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School of Biological and Behavioural Sciences

Identity and inclusion

person using social media on a tablet


We explore how individuals develop their own unique patterns of social behaviour, what determines their social motivations, and how different social identities are formed, maintained, and changed. We combine insight from genetics and behavioural studies with analysis of contemporary (social media) and historical datasets, to understand how personal and political identities evolve. Through behavioural experiments paired with augmented reality technologies, we test the effects of cognitive patterns and differences in interaction (e.g. vocabulary, non-verbal behaviours, personal appearance, accent) on outcomes such as escalation / de-escalation, and agreement or disagreement and well-being across the ages.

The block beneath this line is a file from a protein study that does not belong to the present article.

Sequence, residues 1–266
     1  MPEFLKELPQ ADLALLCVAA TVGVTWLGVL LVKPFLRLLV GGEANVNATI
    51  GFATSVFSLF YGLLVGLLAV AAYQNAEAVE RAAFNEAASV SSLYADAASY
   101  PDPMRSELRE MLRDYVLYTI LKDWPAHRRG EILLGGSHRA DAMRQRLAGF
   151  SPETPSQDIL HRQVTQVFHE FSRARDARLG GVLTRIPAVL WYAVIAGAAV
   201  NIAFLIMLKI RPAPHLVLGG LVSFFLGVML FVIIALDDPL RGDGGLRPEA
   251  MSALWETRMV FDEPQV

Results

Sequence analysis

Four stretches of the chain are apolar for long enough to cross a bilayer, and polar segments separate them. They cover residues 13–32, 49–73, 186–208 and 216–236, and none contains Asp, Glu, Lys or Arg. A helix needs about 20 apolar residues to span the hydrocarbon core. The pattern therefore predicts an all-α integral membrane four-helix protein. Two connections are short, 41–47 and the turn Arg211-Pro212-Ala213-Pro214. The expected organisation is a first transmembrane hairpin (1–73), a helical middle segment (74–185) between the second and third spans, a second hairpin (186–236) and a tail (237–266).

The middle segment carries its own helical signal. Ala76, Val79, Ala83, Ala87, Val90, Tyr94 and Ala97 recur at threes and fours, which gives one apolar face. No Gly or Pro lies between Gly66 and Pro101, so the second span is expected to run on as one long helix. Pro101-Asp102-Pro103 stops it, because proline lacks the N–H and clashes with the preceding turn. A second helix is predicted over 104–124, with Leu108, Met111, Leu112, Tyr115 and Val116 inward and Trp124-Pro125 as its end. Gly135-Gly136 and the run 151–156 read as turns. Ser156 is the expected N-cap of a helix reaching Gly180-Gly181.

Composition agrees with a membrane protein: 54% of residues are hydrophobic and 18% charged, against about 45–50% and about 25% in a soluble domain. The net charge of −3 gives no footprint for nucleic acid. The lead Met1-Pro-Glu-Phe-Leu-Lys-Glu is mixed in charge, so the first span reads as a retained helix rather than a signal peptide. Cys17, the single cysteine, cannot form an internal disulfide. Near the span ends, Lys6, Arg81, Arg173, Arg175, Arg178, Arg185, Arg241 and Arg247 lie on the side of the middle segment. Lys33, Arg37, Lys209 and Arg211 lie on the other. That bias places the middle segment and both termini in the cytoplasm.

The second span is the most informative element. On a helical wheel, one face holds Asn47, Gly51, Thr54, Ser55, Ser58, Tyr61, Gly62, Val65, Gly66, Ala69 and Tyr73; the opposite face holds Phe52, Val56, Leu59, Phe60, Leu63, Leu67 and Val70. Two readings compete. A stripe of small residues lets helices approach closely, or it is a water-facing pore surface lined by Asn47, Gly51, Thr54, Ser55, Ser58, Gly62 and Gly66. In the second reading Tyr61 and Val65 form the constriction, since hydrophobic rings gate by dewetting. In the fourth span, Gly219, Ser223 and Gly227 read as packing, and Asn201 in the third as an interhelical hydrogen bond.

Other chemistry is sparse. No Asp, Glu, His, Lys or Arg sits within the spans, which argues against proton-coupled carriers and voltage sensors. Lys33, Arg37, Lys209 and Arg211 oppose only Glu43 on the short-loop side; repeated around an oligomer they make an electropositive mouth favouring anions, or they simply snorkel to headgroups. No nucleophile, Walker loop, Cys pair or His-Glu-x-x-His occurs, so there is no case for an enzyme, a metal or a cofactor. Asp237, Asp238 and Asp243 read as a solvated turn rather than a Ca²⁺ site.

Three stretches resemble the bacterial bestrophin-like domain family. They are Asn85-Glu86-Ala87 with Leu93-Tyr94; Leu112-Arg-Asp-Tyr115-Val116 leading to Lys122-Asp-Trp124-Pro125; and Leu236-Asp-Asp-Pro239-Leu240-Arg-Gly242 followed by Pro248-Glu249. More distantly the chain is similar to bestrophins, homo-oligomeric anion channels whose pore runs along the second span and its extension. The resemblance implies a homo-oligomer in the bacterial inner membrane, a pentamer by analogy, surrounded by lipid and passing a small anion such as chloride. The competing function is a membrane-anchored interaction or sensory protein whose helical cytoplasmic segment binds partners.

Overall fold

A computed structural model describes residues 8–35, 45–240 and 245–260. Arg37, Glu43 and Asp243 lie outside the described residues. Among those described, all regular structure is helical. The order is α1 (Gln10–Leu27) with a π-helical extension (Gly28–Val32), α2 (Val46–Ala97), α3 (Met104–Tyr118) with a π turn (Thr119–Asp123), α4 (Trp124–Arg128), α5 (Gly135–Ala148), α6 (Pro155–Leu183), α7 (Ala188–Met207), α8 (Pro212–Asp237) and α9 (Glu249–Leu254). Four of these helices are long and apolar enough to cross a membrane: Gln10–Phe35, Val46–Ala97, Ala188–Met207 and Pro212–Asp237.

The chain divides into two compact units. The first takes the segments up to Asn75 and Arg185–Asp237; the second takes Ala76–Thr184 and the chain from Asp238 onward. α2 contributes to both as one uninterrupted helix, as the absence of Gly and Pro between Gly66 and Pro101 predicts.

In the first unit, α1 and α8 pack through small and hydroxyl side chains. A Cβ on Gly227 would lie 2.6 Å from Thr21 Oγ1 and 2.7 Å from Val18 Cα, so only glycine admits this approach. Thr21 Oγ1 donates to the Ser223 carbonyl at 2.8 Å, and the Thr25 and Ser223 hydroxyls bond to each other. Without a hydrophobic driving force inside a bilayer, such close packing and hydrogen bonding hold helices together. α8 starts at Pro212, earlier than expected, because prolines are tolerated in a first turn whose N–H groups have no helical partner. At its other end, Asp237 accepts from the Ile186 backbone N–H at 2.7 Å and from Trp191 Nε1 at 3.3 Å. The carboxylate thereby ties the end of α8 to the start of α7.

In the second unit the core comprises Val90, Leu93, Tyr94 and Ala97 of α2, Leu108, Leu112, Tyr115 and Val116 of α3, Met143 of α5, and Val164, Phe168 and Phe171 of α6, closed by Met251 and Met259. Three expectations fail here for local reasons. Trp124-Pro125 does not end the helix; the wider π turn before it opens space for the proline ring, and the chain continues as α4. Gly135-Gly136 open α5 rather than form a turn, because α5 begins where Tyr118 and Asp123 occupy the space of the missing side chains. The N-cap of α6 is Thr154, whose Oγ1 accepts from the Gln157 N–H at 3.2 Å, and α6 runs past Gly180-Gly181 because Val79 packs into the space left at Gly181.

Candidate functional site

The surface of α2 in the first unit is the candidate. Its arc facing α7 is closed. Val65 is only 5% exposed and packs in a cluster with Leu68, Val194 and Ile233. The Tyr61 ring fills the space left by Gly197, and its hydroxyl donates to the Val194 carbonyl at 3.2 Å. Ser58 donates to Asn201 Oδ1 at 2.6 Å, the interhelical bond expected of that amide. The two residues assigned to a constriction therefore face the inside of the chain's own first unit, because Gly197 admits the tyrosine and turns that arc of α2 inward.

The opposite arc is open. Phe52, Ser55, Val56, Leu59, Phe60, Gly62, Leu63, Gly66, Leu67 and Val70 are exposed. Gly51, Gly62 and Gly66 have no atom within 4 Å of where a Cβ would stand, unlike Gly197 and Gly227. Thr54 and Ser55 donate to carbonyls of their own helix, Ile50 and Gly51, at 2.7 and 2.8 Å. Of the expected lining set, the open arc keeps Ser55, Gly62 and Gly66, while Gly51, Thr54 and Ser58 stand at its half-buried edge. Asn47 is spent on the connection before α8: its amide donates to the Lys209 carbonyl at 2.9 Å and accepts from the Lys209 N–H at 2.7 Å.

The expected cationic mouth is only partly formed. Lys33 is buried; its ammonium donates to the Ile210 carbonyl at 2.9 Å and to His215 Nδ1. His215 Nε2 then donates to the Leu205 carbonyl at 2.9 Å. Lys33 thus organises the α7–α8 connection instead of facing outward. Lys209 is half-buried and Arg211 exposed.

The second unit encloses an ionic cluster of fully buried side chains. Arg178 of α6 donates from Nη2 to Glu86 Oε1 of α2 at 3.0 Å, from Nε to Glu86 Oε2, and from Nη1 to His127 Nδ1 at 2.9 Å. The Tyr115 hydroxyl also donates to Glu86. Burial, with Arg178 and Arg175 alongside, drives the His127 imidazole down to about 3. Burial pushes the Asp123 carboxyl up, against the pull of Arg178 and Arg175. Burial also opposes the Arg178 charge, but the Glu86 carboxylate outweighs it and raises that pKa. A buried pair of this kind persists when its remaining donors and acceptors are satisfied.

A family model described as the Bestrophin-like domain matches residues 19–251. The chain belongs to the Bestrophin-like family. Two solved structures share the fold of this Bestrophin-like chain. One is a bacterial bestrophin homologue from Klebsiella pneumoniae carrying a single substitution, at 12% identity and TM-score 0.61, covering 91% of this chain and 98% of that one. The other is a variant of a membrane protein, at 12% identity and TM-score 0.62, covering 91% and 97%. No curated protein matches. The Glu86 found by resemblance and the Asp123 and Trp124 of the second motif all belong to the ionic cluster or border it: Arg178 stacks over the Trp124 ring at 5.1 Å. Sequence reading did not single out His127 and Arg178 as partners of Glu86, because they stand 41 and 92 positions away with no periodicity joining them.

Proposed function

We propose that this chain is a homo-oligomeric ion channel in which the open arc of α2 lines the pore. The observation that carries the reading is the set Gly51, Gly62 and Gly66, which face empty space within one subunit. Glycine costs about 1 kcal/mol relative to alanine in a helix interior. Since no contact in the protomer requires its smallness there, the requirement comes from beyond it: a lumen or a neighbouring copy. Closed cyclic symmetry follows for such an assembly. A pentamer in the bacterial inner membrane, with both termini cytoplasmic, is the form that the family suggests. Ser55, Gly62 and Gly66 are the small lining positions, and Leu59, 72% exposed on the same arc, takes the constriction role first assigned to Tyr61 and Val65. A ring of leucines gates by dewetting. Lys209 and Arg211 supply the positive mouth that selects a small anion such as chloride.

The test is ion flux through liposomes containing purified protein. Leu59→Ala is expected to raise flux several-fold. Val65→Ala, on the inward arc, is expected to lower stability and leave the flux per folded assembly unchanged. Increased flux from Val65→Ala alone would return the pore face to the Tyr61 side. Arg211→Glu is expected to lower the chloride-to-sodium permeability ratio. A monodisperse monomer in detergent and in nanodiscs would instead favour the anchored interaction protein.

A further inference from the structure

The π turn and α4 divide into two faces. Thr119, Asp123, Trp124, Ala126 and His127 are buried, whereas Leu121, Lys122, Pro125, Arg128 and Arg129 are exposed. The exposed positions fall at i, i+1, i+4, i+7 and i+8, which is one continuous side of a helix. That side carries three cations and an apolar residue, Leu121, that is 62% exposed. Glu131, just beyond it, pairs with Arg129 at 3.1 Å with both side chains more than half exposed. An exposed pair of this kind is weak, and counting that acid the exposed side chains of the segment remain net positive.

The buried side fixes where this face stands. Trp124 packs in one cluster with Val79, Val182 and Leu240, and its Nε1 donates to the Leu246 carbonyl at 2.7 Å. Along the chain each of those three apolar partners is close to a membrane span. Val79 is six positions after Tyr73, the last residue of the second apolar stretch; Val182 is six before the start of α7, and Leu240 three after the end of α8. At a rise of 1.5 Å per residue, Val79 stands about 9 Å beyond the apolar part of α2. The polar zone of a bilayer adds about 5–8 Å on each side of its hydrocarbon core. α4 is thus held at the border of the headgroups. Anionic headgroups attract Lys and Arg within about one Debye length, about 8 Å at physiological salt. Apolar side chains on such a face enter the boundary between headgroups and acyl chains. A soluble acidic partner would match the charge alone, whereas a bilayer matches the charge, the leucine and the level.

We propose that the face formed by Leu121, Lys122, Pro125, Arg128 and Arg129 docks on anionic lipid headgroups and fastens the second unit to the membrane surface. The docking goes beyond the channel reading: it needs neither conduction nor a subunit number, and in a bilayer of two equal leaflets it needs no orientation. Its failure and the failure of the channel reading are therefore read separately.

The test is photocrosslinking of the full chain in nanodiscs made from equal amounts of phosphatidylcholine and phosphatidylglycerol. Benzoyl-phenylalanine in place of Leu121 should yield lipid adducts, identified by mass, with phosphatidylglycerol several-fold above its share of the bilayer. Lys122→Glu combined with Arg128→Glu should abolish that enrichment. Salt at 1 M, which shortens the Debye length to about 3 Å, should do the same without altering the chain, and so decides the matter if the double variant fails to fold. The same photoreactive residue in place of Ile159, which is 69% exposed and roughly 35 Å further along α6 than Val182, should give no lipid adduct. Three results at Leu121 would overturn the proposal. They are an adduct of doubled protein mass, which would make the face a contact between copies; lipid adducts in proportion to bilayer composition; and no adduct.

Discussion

Key Questions:

  • How do predisposition, developmental experiences, culture and technology interact to shape how an individual engages with others?
  • How do these factors affect the social identity of the individual: how they perceive themselves, and the stability of their interaction patterns over time?
  • What attributes drive the quality and outcome of interactions between similar and dissimilar individuals?
  • Can technologies such as augmented reality be utilised to facilitate between-group communication and collaboration?


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